Thursday, 17 February 2011

Personal Integrity No Substitute for Corrupt State

An Open Letter To Manmohan Singh

Dear Mr. Singh,

I read with increasing trepidation the front page news that carried contents from your public televised interview yesterday. There are an increasing number of national wrongs that are justified on your behalf, since you remain unblemished by corruption, practiced by a run of the mill Indian politician. However, your latest effort to brush away the 2G scandal and the huge associated loss of revenue is unforgivable, weak, and dismal. To further attempt and equate this loss with the government subsidies to the needy class, is irrationally criminal and should shame you into immediate stepping down from you office.

Let me explain what are the duties that I expect from my head of State. First, you should be able to verify wrong doing and accept responsibility. It appears that in the latest scandal, that the 'wrong happened' is by now largely accepted and must have surely reached your ears! So, either you accept it, or you do not. But, what you may not do is to hide behind 'I know wrong happened, but if we do math differently, it is a lesser wrong' - for that is one of your arguments, right? Look, we do not need lessons in mathematical manipulations to right the wrongs. We actually need our elected officer to discharge his duties, accept the wrong, and if grace prevails, to say 'I take responsibility' because 'the buck really stops here!'

But this is not all - allow me, as a citizen of this nation to say further, that the most objectionable of all your explanations, was to bring in the loss(??)to the government in subsidies on 'food grains, LPG, fertilizers'. Let me remind you, Mr. Singh, that the government treasury is not your private bank account, but fed into by the resources of the same people that you claim to subsidize. There is definitely no equating loss from this 'national account' for massive corruption, to that used in expenditure for subsistence of our fellow countrymen.

Finally, I would like you to take a minute and take stock of the numbers that you are dealing (or not dealing)with. Remember you sold away the liability claims for India's civil nuclear program for tiny, tiny numbers compared to the kind of losses we are talking about now? Are you now saying that the corruptness on level of national food grain subsidies is 'tolerable' by the society? which society? and who decides? You?? Sorry Mr. Singh, this is not your 'wrong-decision' to make.

Please do not run around now, trying to find a wrong-doer - just stop the wrong; don't define your integrity by what you don't take, but by what you let others take; don't worry so much about 'how we look' - but please worry about 'how we really are'. Most of all, don't sell this nation short just to save your seat.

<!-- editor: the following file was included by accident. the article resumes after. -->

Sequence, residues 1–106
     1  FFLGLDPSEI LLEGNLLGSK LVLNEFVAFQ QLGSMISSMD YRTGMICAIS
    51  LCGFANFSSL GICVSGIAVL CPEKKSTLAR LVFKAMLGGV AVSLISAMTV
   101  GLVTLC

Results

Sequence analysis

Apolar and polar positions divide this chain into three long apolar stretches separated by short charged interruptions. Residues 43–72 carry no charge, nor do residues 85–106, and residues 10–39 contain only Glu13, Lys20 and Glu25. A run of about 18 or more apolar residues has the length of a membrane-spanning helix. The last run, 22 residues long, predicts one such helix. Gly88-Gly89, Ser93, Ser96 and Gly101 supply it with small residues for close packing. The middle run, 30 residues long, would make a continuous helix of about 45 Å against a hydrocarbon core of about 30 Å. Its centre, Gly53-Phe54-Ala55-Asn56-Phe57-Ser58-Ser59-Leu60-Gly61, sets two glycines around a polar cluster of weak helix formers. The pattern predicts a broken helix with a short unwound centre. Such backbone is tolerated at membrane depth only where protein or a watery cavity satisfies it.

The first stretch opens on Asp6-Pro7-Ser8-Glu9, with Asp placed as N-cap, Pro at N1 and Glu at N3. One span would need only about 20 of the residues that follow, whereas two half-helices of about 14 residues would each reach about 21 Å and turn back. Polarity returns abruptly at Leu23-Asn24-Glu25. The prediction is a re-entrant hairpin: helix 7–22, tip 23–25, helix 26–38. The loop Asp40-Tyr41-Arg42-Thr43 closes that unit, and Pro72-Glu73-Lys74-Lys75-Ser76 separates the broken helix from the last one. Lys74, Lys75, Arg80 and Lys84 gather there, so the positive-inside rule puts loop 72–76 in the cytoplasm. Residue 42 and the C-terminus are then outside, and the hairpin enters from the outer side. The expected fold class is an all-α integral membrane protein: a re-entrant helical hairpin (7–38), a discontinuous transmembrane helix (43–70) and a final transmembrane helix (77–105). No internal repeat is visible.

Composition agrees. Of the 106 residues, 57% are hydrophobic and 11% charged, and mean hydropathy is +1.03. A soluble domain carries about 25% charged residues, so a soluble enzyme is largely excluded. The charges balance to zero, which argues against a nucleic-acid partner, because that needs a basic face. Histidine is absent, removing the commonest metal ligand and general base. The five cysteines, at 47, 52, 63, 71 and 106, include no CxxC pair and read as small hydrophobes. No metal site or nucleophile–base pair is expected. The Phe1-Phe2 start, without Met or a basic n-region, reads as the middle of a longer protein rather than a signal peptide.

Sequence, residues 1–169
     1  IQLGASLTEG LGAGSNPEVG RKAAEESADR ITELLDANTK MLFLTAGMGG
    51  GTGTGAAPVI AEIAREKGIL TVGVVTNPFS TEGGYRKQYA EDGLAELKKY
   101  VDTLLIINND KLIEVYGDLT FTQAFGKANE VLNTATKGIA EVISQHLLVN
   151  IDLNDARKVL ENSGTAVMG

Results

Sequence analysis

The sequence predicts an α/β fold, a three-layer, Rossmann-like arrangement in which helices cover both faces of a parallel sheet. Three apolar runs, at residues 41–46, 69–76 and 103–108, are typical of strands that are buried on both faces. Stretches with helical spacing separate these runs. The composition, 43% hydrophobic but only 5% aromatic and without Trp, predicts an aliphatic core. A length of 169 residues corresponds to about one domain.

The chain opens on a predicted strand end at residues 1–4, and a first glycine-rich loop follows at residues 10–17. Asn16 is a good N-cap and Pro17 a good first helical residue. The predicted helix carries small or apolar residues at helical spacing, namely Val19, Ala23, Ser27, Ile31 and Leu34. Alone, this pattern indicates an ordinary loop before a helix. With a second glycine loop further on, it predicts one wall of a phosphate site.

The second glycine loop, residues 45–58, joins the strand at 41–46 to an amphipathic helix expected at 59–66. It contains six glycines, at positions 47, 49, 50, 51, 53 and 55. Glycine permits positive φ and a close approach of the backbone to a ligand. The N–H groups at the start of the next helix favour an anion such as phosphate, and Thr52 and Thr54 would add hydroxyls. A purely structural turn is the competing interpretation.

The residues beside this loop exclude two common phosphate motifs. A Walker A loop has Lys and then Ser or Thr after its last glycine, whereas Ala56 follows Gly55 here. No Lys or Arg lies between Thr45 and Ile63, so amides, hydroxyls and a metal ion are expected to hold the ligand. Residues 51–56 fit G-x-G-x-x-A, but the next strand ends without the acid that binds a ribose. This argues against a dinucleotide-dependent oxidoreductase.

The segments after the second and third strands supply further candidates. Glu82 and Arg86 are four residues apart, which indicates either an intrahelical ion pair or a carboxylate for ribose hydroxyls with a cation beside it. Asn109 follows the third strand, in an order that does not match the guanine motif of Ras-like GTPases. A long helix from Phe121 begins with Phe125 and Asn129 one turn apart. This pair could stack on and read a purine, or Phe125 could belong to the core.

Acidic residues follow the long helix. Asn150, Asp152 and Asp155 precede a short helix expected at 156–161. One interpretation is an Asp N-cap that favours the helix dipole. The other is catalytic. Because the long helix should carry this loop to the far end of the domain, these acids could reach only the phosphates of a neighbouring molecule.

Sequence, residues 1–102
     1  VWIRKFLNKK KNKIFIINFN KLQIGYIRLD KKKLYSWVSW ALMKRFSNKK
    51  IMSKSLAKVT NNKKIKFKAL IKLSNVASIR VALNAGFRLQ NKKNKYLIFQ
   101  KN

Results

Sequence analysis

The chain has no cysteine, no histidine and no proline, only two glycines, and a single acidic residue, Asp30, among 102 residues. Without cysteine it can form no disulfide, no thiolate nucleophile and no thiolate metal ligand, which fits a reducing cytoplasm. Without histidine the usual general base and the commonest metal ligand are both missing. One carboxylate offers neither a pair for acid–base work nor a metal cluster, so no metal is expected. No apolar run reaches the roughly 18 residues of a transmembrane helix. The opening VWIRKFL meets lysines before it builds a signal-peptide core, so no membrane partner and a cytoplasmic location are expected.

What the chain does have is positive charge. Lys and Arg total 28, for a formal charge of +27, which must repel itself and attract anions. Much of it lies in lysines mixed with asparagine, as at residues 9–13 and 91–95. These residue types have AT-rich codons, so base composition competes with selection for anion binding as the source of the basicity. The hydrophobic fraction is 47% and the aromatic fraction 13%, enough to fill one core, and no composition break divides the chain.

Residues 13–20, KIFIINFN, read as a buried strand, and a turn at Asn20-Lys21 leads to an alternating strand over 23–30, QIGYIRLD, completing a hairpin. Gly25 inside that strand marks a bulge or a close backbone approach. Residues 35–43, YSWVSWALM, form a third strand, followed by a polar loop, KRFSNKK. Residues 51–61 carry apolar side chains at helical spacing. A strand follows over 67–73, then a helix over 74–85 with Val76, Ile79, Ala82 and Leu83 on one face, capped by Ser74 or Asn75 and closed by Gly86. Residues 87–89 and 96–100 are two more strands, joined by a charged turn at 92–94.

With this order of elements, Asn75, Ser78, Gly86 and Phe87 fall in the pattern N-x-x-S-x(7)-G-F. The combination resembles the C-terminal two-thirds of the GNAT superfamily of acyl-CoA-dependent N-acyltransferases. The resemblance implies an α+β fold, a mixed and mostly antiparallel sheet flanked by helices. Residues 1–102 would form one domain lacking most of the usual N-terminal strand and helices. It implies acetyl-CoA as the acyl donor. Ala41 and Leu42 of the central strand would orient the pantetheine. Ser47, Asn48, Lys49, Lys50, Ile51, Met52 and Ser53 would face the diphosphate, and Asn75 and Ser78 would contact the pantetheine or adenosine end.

1. You have hit the nail on the head with "the government treasury is not your private bank account, but fed into by the resources of the same people that you claim to subsidize".

    The biggest failing of the so-called WB approach to fiscal propriety is its peculiar removal of humans, of people, from the equation. This is the kind of thinking that leads inexorably on to equating the 'good of the greatest number' with 'collateral damage', and then, even on to 'encounters'.

    Not that it is the only road to perdition, but it is certainly the one most overlaid with false promises. I don't doubt that MMS has sincerity in his heart, but it seems to be encrusted over with a harsh take on economic independence, one that is scarcely differentiated from intellectual slavery. Economists need to be worth their salt, but this one leaves a bitter taste.

    Clearly something that got missed out in this staged 'press conference' (monologue?) was the move to number every citizen, on the specious grounds that this way, the government will be able to craft the delivery of subsidies more precisely to those who deserve it (ie, the ones who seem to be starving this morning, as against those who will only starve by the evening - that's the way the unconscionable 'below-poverty-line' triage process works).

    The fact that both these groups are an integral part of India's food independence, but are also excluded from India's economic independence (such that it is, considering that food for all, health for all, and a decent standard of living for all are not a part of it), is remarkable.

    Not, apparently, a remark loud enough to be heard around the world.


  2. Hmmmm...

    Hear hear. *taps table* Agree with you post.
    The case that he mounted in his own defence was weak and on expected lines.

    Some other observations:
    * The conference was ONLY open to heads of TV news channels. The print media was NOT represented. In other words we had the neo-liberal apologists asking him questions of largely "corporate interest".

    * Where were the questions on NREGA? Why focus only on scams related to 2G, 3G and other forms of spectrum? Why were issues of law and order not considered relevant for discussion in this rather rare sighting of our Prime Minister.

    * The statement on subsidies in particular is worrying and reflects the true intent of his vision. Subsidies, obviously are being viewed as a means to office. While in actual fact they should be at the heart of governance (read as poverty alleviation)

    * Somehow, the feeling I got was that that the PM was not the only person passing the buck. What about the studio jockeys/editors in the room who's blue chip advertisers are party to the corruption? Why can't they interrogate their clients in the same spirit? for e.g. Why can't Arnab ask Lavasa why the hell they are taking away common property resources? Could it be because his employers have a standing "private treaty" with Lavasa for paid news?